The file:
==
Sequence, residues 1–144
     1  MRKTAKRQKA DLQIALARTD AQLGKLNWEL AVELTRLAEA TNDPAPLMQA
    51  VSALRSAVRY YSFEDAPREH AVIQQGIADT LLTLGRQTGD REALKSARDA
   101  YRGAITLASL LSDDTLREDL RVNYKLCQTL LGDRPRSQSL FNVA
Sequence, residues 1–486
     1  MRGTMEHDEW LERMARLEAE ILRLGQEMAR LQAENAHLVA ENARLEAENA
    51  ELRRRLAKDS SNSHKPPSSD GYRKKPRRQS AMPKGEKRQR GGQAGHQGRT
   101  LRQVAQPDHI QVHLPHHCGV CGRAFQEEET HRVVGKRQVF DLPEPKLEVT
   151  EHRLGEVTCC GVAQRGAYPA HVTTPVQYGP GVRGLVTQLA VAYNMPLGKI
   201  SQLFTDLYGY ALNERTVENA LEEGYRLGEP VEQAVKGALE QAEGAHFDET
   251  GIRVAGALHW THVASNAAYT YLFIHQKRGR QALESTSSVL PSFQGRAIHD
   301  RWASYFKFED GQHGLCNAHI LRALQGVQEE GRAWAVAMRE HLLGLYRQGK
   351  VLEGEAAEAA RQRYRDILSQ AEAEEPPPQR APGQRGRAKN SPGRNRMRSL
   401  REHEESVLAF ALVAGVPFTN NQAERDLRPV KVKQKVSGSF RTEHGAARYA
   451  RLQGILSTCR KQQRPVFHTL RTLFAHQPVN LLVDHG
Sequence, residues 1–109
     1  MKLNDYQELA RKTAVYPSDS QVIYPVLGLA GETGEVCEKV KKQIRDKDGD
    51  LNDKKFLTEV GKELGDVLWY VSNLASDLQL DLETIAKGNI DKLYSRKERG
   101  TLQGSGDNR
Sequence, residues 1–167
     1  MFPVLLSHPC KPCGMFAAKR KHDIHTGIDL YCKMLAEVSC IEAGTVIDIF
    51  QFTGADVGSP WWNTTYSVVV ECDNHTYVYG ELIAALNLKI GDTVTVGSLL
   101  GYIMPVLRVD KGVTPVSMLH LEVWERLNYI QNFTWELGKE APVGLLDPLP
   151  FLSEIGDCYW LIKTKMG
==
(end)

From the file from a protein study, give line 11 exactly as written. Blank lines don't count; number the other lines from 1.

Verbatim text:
   251  GIRVAGALHW THVASNAAYT YLFIHQKRGR QALESTSSVL PSFQGRAIHD